Before we get into a brawl over whose tax cut is better than whose, wouldn’t it be wise to ask: Should we cut taxes at all? And if so, why?
The president says we need the largest tax cut in American history to get the economy growing. But it is already growing at something like a 3.1 percent annual rate, and we won’t know whether that’s sustainable until the effects of the storms in Texas and Florida are played out and stop affecting the growth rates we will see in the next few quarters. And if this rate is sustainable, we will face the hard question of whether the economy is capable of growing much faster.
Our 4.4 percent unemployment rate meets any reasonable person’s definition of full employment. Anyone who thinks there is a large reserve army of the unemployed sitting out there waiting for job offers that would materialize if the economy grew even faster should talk to employers in almost any industry, who are complaining of labor shortages.
Of course, lowering the corporate tax rate might increase businesses’ incentive to invest in new plants and equipment. But U.S. corporations are rich in unused cash and can borrow at interest rates that are low and likely to remain so for a very long time. Given this already-large pot of unused capital it is difficult to see how a cut in the tax rate on these companies will induce them to invest more than they already plan to. (A tax on retained earnings might do that, but that’s a conversation for another day.)
We are also told that by reducing the tax rate on repatriated earnings we will unleash a flood of cash into the coffers of America’s firms, and they will use this money to boost their investment in the United States. Never mind that the last time we tried that—it was Ronald Reagan who bought into the theory—the result was a series of share buybacks, not a lot of brand new plants. Now, there is nothing wrong with share buybacks: They put cash into the hands of folks who own the shares. But that is unlikely to do much for growth, since the supply side of the economy, afflicted as it is with labor shortages, won’t be able to grow faster in response to increased demand. And it won’t do much for the middle class and the poor, since share ownership is concentrated in upper-income groups.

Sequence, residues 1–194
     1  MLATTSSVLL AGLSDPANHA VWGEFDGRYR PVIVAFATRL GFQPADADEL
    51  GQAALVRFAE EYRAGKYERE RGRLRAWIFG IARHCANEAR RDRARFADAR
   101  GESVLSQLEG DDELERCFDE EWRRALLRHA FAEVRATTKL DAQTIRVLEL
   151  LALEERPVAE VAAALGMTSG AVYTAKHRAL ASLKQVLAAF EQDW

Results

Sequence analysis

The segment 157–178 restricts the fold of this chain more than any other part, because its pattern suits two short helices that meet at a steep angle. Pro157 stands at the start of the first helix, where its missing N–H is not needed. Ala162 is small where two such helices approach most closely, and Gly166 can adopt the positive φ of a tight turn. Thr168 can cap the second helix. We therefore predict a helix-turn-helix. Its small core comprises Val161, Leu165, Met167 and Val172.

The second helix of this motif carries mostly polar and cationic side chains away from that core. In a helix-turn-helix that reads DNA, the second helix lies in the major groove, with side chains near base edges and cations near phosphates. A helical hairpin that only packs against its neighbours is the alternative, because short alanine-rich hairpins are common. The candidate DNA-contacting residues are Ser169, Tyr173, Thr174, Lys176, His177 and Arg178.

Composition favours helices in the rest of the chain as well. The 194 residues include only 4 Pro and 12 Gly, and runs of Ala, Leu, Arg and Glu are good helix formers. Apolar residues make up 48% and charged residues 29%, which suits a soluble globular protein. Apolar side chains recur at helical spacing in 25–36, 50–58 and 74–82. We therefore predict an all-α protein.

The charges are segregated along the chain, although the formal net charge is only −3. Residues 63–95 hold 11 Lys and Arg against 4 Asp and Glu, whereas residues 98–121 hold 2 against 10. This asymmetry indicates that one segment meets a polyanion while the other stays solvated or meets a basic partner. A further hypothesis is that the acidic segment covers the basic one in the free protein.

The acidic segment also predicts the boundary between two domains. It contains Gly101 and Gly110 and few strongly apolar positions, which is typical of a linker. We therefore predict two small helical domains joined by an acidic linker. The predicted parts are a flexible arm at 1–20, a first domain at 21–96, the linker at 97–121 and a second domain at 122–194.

What a tax cut will do—or at least what any of the reductions being bruited about will do—is increase the deficit.
Not by as much as a static computation of the amount of revenue lost, since there is something to be said for dynamic scoring that takes account of reactions to reduced taxes. But no serious person believes that the response is so great as to make these tax cuts “pay for themselves.” So it will take overtime operation of the accounting fudge factory to make it seem that tax cuts will not increase the deficit and the size of the national debt. Which are already approaching levels relative to the size of our economy that economists believe will stifle growth.
There is a case for revenue-neutral tax reform. Lower the employee-payroll taxes and increase the top tax rate on the highest earners and one inequity of the total tax system would be reduced.
End the indefensible gift to millionaire and billionaire hedge fund operators—treating their ordinary incomes as if they were capital gains—and you will take another step down the road to greater equity.
End the deductibility of interest-paid on corporate debt and you will deleverage an inefficient, highly-leveraged corporate sector, which is less able than it should be to withstand either a recession or a rise in interest rates.
If you you think it is possible—not certain, but merely possible—that the climate is warming as a result of carbon emissions, then you might consider a starter-tax on carbon.
And if in addition to all of that, you believe that the fact that president thinks a border adjustment tax is too complicated (which says more about him than about the tax) and really want to level the international playing field, you could reconsider a border adjustment tax that puts our automakers on an equal footing with Germany’s high-polluting companies.
Then and only then would it be time to start arguing over which taxes to cut, or programs to expand.
This post originally appeared on Weekly Standard